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5 Tips to Keep in Mind When Writing an Executive-Level CV

Even if it doesn’t seem important to revise your executive level CV, it definitely matters in today’s world. Where newer formats, personal branding, and your online presence say a lot about your reach at the executive level.

It’s understandable that most executives are big picture-oriented given their positions held at a string of organisations throughout their career. That said, when it comes to your CV, the details matter just as much. In fact, there’s every possibility of minor errors affecting your credibility for no fault of yours.

So here are 5 tips to keep in mind when writing an executive-level CV:

1. Omit the objective statement.

With so many years of experience under your belt, it should be clear that you’re applying for a position because you’re seeking growth. It’s pretty obvious. Instead, be proactive and convey what you can do for the organisation using numbers to validate your claims.

For executives, objective statements offer little or nothing while the space can be used to capture an employer’s attention by addressing their pain points right from the get go.

2. Increase readability.

Employers or hiring managers don’t just use desktops to read candidate profiles anymore. Tiny screens play a larger role now. See how this has affected the website development industry, this applies to screening candidates as well.

For this reason, use more whitespace. Write concisely. Keep your paragraphs small. Use simple words that are easy to understand.

In making your CV easy to read, you can be sure that they continue until the bottom of the page.

3. Use the “real estate” on your executive-level CV wisely.

As you’ve heard several times over, recruiters only spend about 10 seconds when reading a CV. This is usually the topmost part of your CV. Make it worth their while. Get their attention by giving them what they need to hear. Omit redundant information and get right to the point of addressing their needs. Once you get their attention, you can be sure that they will be reading the entire CV with as much interest when they first started.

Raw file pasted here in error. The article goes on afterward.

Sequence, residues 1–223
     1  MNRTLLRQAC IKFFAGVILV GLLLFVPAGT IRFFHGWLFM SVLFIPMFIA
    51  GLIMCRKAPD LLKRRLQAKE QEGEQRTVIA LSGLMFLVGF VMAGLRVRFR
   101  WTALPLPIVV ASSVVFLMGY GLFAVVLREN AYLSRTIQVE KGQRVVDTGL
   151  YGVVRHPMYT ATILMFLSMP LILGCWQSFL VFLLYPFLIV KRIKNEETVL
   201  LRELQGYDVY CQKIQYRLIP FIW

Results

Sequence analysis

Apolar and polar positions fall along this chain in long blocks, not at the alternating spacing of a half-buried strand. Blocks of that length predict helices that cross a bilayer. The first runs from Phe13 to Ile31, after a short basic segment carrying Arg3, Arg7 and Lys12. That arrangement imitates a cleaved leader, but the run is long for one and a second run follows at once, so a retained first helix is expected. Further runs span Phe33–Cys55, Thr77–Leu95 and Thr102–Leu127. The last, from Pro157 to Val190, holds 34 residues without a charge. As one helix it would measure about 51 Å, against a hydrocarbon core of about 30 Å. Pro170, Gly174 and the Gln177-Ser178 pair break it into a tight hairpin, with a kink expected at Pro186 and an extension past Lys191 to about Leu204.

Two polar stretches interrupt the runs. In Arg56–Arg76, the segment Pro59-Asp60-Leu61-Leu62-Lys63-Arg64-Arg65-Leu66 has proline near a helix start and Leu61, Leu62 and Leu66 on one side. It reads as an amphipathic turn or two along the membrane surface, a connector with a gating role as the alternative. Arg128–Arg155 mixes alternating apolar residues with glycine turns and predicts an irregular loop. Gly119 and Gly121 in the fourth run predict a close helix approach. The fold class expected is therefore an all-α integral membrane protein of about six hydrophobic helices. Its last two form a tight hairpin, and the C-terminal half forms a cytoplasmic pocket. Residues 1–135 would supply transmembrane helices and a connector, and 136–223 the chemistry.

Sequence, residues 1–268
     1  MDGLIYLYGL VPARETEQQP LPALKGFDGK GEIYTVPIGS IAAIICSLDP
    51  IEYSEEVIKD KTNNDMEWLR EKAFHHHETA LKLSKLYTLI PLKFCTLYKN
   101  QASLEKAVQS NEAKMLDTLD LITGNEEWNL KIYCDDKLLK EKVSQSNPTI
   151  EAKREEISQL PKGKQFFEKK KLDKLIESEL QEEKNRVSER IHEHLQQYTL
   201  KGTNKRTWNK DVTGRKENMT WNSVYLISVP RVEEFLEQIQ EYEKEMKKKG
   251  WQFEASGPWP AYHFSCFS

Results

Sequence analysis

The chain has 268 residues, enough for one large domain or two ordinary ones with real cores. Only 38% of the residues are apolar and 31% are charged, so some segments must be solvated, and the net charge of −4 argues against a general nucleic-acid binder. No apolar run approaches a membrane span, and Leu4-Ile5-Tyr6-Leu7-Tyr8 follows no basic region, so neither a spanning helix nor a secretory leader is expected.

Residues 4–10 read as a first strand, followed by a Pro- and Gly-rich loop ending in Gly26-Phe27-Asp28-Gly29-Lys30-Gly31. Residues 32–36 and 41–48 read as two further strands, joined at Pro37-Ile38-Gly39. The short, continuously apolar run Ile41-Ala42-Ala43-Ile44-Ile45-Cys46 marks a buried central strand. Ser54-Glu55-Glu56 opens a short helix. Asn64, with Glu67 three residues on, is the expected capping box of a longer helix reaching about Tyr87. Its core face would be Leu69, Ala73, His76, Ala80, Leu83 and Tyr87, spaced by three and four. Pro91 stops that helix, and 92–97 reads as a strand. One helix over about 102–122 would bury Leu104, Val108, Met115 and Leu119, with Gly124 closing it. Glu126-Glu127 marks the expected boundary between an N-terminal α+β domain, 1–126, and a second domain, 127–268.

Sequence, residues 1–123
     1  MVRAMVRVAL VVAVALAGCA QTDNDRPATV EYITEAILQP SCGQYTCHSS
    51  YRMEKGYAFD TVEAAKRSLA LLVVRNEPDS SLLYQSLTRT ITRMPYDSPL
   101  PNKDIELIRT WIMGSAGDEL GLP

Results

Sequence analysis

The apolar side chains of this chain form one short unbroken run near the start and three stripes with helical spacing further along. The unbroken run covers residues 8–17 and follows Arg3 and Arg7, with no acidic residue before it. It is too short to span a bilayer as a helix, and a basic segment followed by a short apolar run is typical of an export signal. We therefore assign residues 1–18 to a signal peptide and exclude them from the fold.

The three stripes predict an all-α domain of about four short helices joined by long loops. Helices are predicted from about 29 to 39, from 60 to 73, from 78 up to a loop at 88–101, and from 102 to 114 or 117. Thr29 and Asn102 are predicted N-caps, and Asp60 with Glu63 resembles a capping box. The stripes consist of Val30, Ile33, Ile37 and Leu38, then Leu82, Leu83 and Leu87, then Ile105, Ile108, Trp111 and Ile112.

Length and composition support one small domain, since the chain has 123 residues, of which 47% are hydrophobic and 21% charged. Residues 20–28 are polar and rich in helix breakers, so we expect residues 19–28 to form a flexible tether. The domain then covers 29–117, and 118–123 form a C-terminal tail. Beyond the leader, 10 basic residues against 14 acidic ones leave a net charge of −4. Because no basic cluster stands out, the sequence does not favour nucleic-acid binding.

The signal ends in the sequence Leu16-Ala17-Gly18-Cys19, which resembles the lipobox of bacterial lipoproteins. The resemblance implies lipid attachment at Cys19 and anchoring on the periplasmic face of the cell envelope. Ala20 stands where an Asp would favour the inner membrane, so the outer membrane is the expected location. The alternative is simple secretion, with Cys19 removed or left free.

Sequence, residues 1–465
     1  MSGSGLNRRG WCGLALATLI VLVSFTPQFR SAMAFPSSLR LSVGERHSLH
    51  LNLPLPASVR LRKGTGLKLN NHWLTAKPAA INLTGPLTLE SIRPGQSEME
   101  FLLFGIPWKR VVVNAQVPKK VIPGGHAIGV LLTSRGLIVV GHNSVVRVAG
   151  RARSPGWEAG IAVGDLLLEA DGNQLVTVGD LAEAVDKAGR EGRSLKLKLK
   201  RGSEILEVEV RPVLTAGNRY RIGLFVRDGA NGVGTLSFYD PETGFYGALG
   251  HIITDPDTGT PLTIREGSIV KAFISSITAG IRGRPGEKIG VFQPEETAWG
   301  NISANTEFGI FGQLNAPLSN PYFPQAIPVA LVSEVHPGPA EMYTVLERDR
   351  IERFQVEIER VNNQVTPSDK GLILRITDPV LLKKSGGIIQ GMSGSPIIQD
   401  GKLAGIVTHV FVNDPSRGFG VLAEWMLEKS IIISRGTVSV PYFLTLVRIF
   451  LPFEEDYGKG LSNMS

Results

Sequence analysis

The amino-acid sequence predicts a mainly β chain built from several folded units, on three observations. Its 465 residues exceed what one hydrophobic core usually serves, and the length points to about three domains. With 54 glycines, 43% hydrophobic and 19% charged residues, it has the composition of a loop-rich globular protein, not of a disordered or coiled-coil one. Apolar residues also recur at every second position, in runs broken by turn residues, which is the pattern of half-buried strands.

4. Keep the formatting simple.

It can be annoying to read a CV that has more than 2 fonts. Use one for the headers and the other for the body text.

Worse still, underlining text too often can be a real irritant as well. Keep this to a minimum. Spell check and proofread your CV for errors that might be embarrassing. Use short paragraphs.

Most of all, stick with a limit of 3 pages for your executive level CV and no more. Just make sure that you eliminate anything that distracts the reader from what you intend to convey.

5. Use active verbs and omit repetitive job descriptions.

Relevant industry keywords and strong verbs can make you appear competent and confident. Your executive-level CV should contain these. On every part of the page. Anything else comes off as passive and not reflecting what you’ve done accurately. With your level of experience or expertise. The words that you use should reflect your personal brand. It matters.

That said, it is important remove repetitive job descriptions too. You’ll waste a lot of precious space by leaving the same basic responsibilities for each job on your CV. Use that space for more. It’s really up to you.